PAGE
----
A few days ago, I wrote about the assumability feature for FHA loans. Another program feature that has not been discussed much over the past few years is the adjustable rate mortgage. With rates near all-time lows, it may not make sense for most borrowers to choose an ARM. However, if you plan on staying in your home for a short time or you need the lower rate to assist you in qualifying, then an ARM may be an option.
The subprime-loan debacle gave ARM products a bad name — primarily those that featured the "crazy first year adjustment." The first-year cap on most subprime adjustable loans was as high as 5-6%. FHA loans, on the other hand, have a more reasonable annual maximum adjustment (the cap) of 1-2%.
FHA offers a standard 1-year ARM and four "hybrid" ARM products. Hybrid ARMs offer an initial interest rate that is constant for the first three, five, seven, or 10 years. After the initial period, the interest rate will adjust annually. Below are the different interest rate cap structures for the various ARM products:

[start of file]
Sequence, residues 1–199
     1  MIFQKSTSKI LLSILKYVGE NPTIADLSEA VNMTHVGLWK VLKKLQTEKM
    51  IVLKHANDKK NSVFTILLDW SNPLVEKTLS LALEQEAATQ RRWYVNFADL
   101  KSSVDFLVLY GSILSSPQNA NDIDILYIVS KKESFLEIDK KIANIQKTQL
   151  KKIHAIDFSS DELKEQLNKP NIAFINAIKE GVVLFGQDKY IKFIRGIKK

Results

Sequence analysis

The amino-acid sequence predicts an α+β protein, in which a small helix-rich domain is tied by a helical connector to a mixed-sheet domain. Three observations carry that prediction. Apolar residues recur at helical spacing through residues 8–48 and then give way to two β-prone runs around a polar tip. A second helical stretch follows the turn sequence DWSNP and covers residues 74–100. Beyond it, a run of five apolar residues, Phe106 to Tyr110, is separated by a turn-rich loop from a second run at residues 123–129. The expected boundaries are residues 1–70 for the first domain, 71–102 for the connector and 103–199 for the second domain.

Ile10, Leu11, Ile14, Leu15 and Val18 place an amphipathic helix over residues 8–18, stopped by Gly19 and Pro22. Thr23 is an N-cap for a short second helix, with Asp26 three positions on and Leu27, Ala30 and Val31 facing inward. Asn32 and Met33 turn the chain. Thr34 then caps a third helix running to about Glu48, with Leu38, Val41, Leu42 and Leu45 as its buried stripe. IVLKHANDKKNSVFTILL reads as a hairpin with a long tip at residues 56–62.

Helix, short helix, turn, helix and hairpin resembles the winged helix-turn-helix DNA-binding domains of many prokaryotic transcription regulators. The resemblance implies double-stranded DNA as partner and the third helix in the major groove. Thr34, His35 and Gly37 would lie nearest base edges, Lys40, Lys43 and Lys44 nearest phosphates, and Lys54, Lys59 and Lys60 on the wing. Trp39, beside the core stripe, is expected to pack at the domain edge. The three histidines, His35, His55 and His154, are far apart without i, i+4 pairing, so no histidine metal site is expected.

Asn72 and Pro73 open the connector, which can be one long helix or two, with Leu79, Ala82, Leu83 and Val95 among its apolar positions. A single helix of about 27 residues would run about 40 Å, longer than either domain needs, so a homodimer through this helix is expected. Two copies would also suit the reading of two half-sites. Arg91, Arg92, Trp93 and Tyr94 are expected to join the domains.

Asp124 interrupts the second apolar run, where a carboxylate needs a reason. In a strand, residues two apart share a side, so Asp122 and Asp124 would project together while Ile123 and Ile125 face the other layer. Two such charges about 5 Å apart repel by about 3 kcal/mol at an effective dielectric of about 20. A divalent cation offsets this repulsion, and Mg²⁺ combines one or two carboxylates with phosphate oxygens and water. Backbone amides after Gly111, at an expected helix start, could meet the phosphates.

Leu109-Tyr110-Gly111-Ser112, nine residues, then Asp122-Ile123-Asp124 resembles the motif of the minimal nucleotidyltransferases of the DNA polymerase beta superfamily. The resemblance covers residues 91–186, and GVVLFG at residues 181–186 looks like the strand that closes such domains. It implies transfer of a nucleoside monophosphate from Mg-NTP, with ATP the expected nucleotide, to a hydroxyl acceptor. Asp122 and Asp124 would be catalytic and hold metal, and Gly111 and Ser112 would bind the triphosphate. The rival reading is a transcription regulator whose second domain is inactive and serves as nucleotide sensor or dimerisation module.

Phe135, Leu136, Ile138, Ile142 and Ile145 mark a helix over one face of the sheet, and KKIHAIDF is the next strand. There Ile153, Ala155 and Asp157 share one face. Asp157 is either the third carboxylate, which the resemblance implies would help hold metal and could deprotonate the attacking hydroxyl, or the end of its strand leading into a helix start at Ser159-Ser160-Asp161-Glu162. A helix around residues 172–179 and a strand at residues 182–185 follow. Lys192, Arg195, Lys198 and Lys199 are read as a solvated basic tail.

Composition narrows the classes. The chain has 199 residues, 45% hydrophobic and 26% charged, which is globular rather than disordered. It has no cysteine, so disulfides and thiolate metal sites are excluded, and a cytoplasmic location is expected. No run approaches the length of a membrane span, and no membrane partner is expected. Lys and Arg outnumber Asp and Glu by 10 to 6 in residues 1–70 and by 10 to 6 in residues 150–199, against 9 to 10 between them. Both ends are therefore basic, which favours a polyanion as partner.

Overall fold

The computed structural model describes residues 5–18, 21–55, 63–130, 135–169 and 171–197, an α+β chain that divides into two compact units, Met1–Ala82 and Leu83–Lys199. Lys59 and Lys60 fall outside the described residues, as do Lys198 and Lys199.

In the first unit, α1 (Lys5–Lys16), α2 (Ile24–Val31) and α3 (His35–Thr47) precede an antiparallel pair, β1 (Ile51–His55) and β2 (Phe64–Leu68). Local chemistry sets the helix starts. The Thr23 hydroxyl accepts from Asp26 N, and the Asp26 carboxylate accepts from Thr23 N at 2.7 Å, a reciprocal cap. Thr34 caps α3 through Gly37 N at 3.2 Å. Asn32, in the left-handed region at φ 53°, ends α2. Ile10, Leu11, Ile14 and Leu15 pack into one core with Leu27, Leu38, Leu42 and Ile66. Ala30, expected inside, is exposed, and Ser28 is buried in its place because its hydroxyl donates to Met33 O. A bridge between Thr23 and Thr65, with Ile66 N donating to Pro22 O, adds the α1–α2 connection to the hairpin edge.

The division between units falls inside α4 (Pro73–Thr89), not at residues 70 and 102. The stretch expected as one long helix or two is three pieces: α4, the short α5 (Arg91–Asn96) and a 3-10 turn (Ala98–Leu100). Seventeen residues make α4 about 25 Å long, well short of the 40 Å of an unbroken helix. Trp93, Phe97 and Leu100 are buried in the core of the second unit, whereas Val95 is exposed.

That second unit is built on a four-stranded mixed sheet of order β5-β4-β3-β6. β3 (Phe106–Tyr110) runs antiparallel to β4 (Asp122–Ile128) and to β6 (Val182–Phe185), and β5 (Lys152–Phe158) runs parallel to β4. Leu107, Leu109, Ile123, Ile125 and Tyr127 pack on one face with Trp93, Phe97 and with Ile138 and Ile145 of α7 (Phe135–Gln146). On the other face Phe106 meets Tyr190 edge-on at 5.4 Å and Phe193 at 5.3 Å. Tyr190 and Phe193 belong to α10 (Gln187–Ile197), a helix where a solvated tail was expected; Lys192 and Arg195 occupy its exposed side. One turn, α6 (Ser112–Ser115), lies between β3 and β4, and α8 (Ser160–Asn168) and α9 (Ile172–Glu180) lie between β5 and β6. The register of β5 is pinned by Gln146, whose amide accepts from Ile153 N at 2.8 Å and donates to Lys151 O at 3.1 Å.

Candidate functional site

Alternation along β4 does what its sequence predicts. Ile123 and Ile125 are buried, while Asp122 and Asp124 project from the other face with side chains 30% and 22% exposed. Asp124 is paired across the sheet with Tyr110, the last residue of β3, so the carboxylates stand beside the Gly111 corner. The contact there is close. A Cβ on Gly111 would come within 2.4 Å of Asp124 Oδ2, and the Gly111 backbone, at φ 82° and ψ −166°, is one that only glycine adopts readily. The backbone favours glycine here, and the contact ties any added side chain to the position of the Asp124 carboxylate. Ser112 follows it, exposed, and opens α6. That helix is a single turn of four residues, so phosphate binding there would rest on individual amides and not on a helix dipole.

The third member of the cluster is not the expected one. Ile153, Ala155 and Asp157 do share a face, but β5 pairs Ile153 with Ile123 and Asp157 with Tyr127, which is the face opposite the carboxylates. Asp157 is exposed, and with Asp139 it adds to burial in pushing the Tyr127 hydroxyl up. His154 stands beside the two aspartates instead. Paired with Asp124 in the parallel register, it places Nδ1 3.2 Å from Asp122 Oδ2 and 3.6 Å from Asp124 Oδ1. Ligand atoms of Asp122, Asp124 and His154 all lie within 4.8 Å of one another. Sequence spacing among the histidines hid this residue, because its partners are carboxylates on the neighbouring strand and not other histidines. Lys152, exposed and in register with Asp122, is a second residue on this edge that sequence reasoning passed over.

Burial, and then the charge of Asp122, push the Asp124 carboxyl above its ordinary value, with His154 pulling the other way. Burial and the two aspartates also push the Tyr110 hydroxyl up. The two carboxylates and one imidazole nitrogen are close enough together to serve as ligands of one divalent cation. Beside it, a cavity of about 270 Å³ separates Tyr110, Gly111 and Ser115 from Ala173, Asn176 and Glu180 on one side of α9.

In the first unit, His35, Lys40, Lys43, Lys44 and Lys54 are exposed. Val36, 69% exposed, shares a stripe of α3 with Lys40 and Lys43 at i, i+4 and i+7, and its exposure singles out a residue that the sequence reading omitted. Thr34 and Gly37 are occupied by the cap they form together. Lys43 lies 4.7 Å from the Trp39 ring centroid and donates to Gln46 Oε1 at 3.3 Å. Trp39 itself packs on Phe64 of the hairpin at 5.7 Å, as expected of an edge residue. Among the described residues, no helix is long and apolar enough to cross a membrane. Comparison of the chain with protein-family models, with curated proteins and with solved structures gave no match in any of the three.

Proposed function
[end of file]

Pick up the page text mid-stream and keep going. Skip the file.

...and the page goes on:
• The 1-year ARM and 3-year hybrid ARM have annual caps of one percentage point, and life-of-the-loan caps of five percentage points. (Example: If your initial interest rate were 4.00%, the highest possible interest rate would be 9.00%)
• The 5-, 7-, and 10-year hybrid ARMs have annual caps of two percentage points, and life-of-the-loan caps of six percentage points.
Acceptable index options on FHA-insured ARM loan transactions are 1) the Constant Maturity Treasury (CMT) index (weekly average yield of U.S. Treasury securities, adjusted to a constant maturity of one year); or 2) the 1-year London Interbank Offered Rate (LIBOR).
As rates continue to move off their historical lows, we must diligently review all loan possibilities, including ARMs, as viable financial avenues for our customers.